Issues With Leaf Shine

Issues With Leaf Shine
Issues With Leaf Shine

Issues With Leaf Shine

Are you thinking about using leaf shine? The first question anyone asks when it comes to new products is what are the issues with leaf shine. This gardening in Canada blog looks at what exactly is inside of leaf shine, alternatives & how to apply.

 If you are new to this blog my name is Ashley and I am a soil scientist. I am located in a Canadian Zone 3 and a USDA Zone 4. I write articles, make YouTube videos, Instagram & Facebook posts all designed for Canadians and Cold Climate gardeners using science-based methods. If you are looking for anything specific be sure to let me know in the comments down below.

The Benefits Of Leaf Shine

Leaf shine claims to do a lot of different things. From that ability to remove dust, dirt, and lime deposits to helping increase respiration and decreasing evaporation. With claims like that, you would think that there is value in adding leaf shine to a plant routine. 

Does Leaf Shine Clog Pores

The claim that most of the internet makes is that leaf shine clogs pores. By pores, it is likely that they are suggesting the stomata of the leaves are becoming clogged. If the stomata of the leaves are harmed the plant is unable to respire. 

The process of respiration is meant for allowing CO2 into the plant. Plants need CO2 for photosynthesis and therefore energy. If the stomata are clogged CO2 is not allowed into the plant. 

Finding out if leaf shine clogs leaves is difficult without a microscope. A microscope would show if the stomata are blocked by the addition of leaf shine. The next obvious choice would be looking at the ingredients. 

Powered by RedCircle

Ingredients In Leaf Shine

There are no ingredients listed on the leaf shine packaging so it is difficult for me to say if it does cause clogging. If the product contains water and a mild surfactant or alcohol it is unlikely to cause any issues. However, if the product contains any sort of parabens or oils it could cause clogging.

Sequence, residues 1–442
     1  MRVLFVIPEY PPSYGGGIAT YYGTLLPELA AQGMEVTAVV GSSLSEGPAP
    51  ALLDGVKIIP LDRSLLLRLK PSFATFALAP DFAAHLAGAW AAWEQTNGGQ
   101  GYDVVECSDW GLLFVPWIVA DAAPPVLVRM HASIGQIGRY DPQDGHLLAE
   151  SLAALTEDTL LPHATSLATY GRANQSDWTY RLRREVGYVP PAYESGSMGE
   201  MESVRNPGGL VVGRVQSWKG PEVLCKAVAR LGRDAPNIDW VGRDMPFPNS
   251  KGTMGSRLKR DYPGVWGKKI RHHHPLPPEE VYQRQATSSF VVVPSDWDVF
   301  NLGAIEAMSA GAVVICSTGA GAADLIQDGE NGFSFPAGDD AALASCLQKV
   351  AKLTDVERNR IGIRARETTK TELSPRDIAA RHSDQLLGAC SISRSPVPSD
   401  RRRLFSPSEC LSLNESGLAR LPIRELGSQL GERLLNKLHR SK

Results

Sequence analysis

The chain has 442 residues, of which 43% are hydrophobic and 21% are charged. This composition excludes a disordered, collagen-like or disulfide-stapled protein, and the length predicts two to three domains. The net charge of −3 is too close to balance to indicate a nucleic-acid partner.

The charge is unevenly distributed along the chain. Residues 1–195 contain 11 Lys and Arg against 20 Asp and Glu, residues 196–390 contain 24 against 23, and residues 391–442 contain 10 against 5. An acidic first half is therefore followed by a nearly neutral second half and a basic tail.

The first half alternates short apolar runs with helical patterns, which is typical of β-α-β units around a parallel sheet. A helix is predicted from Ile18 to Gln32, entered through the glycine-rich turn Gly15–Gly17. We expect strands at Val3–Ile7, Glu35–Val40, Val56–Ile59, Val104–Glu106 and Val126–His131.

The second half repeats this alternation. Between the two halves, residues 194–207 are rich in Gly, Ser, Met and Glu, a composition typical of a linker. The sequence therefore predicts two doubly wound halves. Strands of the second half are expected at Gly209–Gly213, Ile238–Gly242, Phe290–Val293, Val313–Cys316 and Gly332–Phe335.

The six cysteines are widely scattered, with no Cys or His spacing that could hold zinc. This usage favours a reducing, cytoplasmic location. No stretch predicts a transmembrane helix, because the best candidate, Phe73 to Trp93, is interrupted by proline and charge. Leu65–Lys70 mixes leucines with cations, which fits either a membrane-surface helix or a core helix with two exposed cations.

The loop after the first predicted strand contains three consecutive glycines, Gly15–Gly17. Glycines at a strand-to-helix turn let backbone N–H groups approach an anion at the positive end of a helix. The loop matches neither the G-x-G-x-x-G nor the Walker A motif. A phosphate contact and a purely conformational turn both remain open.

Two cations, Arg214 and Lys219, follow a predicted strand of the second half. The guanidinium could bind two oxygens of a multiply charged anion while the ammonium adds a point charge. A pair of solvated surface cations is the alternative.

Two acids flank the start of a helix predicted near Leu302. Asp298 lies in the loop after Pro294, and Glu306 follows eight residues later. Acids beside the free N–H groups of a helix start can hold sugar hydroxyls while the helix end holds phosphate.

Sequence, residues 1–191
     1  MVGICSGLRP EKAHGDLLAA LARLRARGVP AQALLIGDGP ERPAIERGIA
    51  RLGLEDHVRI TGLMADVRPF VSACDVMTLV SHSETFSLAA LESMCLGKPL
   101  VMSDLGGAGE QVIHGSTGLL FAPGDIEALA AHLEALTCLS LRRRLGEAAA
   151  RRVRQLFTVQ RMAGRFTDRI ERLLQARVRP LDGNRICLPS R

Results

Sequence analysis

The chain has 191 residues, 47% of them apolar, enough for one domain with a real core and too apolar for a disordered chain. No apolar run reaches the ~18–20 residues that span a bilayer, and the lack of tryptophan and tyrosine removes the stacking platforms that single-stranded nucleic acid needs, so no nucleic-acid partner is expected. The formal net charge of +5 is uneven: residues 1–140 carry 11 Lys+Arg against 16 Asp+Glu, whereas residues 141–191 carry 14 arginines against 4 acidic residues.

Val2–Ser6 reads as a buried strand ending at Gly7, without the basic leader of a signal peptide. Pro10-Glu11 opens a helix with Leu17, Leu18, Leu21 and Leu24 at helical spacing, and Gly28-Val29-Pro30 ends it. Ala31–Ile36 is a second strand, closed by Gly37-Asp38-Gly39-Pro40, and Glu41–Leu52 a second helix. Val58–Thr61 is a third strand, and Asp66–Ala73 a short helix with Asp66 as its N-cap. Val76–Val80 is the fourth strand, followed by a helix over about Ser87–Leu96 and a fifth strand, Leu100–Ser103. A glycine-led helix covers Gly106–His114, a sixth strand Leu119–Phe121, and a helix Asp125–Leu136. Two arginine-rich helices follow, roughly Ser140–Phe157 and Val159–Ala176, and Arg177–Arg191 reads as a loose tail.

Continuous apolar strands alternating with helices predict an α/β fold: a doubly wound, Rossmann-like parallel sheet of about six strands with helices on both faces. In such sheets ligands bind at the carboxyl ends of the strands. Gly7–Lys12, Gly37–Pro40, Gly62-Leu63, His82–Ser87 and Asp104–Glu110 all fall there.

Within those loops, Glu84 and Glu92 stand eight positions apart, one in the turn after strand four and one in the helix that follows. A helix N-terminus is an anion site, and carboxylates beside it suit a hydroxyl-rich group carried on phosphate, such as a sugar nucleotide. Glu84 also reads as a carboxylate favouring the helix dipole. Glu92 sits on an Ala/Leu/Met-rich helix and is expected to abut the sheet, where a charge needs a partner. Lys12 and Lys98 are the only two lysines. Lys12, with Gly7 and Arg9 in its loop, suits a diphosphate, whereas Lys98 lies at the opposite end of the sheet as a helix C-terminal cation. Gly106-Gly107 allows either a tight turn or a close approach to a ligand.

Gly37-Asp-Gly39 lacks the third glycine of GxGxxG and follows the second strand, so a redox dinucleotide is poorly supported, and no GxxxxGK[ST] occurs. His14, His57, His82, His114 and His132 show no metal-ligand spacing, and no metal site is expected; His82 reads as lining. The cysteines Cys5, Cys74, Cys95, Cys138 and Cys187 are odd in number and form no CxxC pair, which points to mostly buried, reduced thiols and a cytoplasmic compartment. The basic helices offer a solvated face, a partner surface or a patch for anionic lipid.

One of the most bizarre leaf shine is Mayo check out that article here.

How To Test Your Leaf Shine To See If It’s Bad

  1. Spraying some onto the back of your hand
  2. Allow it too dry 
  3. Feels dry and normal it is likely just water and alcohol.
  4. Forms a tight feeling and dull in appearance it is likely water and a surfactant. 
  5. Tacky and appears shiny it is likely water and a paraben of some sort.
  6. Shiny or oily and is not drying it is likely water, oil, and a surfactant.

Water and alcohol is the safest option when it comes to a leaf shine. If you have a water and surfactant mixture you want to make sure it is not applied to the bottoms of the leaves. If you have a paraben or surfactant mixture you may want to consider switching it out for something else. 

Needless to say, the product contains more than just water because there are plenty of restrictions on what it should and should not be used on.

What Should You Not Use Leaf Shine On?

On the packing of most leaf shines I looked at there were some clear messages about what not to use the product on. Let’s review what plants you should not apply leaf shine to and why. 

Monocots

A monocot is a plant with parallel leaf veins. This includes snake plants, dracaena, and palms. This is because the stomata on these plants are not limited to just one side of the leaf. They are spread evenly across both sides. 

This means if the leaf shine is applied (regardless of what’s in it) you will have blocked stomata. The only form of leaf shine that should be used on a monocot plant is water. 

Fuzzy Plants

Fuzzy plants such as African violets should not have leaf shine applied. Or any form of spray besides water for that matter. The fuzzy bits are called trichomes and they serve the purpose of repelling water, sunscreen, and even pest management.

If these are sprayed with an alcohol-based leaf polish it is likely to dehydrate them. If sprayed with oil or surfactant it will likely decrease much-needed airflow over the surface of the leaf. 

Ferns Plant

This has to do more with the reproductive features of ferns. Ferns reproduce asexually via pores like organs on the bottoms of the leaves. These obviously should not be sprayed. 

Are you thinking about using leaf shine? The first question anyone asks when it comes to new products is what are the issues with leaf shine. This gardening in Canada blog looks at what exactly is inside of leaf shine, alternatives & how to apply.

Leave a Reply

Your email address will not be published. Required fields are marked *